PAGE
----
• Section 3 describes the contents of Chapters 2 to 12.
    • Sections 4 and 5 give explanations which are perfectly essential to the understanding of all the essays in this book.
    • Sections 6 to 8 treat less immediate matters which arise from recent controversy.

Notes on Sections 2 – 8
  1. Section 2 – as noted above – purports to be a summary of Chapter 2 ("Wiggins (David) - Identity, Individuation, and Substance"), but I found it incomprehensible without reading that chapter. Anything I can make of it appears against that Chapter itself.
  2. Similarly, the comments in Section 3 are used for the introductions to Chapters 2 – 12.
  3. Section 4:
  4. Section 5:
  5. Section 6:
  6. Section 7:
  7. Section 8:




In-Page Footnotes ("Wiggins (David) - Continuants: Their Activity, Their Being, and Their Identity: Introduction")

Footnote 1:



"Wiggins (David) - Heraclitus' Conception of Flux, Fire, and Material Persistence"

Source: Wiggins (David) - Continuants: Their Activity, Their Being, and Their Identity


Editors’ Abstract1
  1. (This essay, unrevised) records some of the contributions made to our subject2 by Heraclitus.


COMMENT: Originally in Language and Logos: Essays for G.E.L. Owen, ed. Martha Nussbaum & M. Schofield, CUP, 1982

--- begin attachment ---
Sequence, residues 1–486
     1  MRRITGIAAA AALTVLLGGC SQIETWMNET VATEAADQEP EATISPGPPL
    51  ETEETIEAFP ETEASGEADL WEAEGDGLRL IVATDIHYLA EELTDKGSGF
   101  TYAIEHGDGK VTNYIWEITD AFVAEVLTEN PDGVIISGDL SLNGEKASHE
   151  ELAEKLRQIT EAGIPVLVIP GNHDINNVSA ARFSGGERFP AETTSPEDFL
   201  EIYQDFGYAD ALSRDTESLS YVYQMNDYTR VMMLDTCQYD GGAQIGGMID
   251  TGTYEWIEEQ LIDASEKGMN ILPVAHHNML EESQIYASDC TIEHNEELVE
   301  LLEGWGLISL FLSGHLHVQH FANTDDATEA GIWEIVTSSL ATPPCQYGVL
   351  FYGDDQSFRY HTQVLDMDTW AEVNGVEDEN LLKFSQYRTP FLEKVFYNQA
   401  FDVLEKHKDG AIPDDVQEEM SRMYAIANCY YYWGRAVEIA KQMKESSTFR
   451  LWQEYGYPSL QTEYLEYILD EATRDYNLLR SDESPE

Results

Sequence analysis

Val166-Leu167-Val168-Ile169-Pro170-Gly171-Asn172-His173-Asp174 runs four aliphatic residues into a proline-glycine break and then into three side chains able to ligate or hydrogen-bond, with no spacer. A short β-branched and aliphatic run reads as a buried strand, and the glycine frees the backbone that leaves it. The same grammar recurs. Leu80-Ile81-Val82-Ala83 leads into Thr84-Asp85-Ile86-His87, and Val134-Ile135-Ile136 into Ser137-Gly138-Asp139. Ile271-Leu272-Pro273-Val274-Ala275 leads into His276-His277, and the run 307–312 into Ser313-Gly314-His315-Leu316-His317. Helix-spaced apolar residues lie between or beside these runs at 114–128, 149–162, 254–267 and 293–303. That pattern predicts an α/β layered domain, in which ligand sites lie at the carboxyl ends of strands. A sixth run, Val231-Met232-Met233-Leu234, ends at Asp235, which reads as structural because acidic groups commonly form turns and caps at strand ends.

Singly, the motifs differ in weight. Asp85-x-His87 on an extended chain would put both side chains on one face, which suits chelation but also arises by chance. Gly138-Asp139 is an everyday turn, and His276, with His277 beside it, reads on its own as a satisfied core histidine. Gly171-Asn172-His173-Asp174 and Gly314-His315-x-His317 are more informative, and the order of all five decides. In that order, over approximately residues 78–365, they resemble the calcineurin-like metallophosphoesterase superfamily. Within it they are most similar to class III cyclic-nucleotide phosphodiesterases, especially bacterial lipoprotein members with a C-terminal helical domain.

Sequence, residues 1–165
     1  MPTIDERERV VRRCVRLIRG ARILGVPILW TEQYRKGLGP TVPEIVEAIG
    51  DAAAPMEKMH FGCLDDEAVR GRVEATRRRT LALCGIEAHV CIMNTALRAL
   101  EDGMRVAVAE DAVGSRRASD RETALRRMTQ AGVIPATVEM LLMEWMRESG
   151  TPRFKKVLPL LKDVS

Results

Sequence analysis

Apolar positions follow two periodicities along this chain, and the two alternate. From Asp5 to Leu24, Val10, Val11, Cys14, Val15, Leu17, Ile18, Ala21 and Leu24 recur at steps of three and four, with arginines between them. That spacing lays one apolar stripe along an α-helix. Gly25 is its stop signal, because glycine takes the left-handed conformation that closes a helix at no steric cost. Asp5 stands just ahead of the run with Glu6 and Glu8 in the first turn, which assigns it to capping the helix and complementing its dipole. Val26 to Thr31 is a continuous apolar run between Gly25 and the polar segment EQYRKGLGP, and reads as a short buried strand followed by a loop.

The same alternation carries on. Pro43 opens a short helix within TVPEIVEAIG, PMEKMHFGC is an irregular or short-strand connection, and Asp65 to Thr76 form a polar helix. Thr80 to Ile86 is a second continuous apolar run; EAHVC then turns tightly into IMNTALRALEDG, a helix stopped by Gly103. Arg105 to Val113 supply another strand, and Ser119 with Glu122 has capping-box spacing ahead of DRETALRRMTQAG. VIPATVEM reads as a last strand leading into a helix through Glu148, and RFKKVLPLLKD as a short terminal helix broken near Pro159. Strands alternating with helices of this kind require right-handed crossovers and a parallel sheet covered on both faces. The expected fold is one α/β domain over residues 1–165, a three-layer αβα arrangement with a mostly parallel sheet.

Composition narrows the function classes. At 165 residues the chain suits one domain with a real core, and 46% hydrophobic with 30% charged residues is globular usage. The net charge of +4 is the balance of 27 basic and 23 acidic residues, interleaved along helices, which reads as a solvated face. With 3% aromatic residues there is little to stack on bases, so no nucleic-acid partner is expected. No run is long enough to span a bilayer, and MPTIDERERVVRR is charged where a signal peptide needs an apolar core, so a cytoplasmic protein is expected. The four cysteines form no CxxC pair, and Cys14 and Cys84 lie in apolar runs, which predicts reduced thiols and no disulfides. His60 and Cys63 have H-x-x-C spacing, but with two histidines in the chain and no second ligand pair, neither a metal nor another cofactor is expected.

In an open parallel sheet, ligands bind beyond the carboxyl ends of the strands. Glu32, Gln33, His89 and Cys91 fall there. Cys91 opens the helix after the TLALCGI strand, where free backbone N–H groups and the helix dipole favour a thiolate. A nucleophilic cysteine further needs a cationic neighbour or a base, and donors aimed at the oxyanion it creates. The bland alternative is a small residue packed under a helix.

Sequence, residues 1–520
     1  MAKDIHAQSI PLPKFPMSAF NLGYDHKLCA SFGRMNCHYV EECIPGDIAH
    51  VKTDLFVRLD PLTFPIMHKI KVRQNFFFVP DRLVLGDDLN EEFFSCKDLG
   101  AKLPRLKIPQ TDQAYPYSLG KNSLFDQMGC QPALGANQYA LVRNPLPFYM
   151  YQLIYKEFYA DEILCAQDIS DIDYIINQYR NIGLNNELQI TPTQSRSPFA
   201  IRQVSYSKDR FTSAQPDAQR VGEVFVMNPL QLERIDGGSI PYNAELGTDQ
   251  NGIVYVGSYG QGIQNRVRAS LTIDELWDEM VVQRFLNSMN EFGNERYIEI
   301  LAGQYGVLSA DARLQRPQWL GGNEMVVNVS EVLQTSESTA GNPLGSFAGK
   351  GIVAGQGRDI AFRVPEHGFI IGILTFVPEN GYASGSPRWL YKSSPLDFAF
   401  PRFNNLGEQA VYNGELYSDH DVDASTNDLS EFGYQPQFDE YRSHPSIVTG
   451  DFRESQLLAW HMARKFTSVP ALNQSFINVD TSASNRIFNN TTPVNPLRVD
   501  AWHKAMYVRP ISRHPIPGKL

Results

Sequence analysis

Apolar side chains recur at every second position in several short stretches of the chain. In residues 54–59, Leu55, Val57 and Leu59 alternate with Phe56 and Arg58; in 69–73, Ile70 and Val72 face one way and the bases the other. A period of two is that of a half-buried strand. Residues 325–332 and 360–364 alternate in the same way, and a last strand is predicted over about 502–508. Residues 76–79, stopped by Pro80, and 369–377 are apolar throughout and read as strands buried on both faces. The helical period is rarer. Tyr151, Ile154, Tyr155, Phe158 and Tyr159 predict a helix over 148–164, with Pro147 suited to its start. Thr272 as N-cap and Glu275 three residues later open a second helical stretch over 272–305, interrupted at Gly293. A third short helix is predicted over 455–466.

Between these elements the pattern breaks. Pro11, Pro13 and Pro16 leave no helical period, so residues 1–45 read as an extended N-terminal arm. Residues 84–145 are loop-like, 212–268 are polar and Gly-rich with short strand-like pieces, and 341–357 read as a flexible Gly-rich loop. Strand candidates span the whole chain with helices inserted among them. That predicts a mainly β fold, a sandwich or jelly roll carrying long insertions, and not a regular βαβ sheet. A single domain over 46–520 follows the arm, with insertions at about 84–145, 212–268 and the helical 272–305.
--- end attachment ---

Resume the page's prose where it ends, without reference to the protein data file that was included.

In-Page Footnotes ("Wiggins (David) - Heraclitus' Conception of Flux, Fire, and Material Persistence")

Footnote 1: Footnote 2:
  • Presumable the subject is “Continuants: Their Activity, Their Being, and Their Identity”.



"Wiggins (David) - Identity, Individuation, and Substance"

Source: Wiggins (David) - Continuants: Their Activity, Their Being, and Their Identity

COMMENT:
  • Originally, European Journal of Philosophy, 20, 2012, pp. 1-25.
  • This version is much revised.



"Wiggins (David) - Mereological Essentialism and Chisholm on Parts, Wholes, and Primary Things"

Source: Wiggins (David) - Continuants: Their Activity, Their Being, and Their Identity


Editors’ Abstract1
  1. (This essay, now abbreviated and reorganized) is a critical exposition of Roderick Chisholm's account of primary things, his mereological essentialism, and his defence of the principle that all the proper parts of a thing are essential to it.


COMMENT: Originally "Mereological Essentialism: Asymmetrical Essential Dependence and the Nature of Continuants" in Ernest Sosa (Ed.), Essays on the Philosophy of Roderick M Chisholm, Grazer Philosophische Studien, 7/8 (Amsterdam), 1979, pp. 297-315




In-Page Footnotes ("Wiggins (David) - Mereological Essentialism and Chisholm on Parts, Wholes, and Primary Things")

Footnote 1:



"Wiggins (David) - On Being in the Same Place at the Same Time"

Source: Rea - Material Constitution - A Reader


Author’s Abstract1
  1. (This paper) considers the possibility or impossibility of the co-occupation by distinct things of the same place at the same time.
  2. It lays particular emphasis upon the distinction between a proper substance and an aggregation of material components.

Notes
  1. S is the principle2 that “Two things cannot completely occupy the same place / volume / sub-volume at the same time”.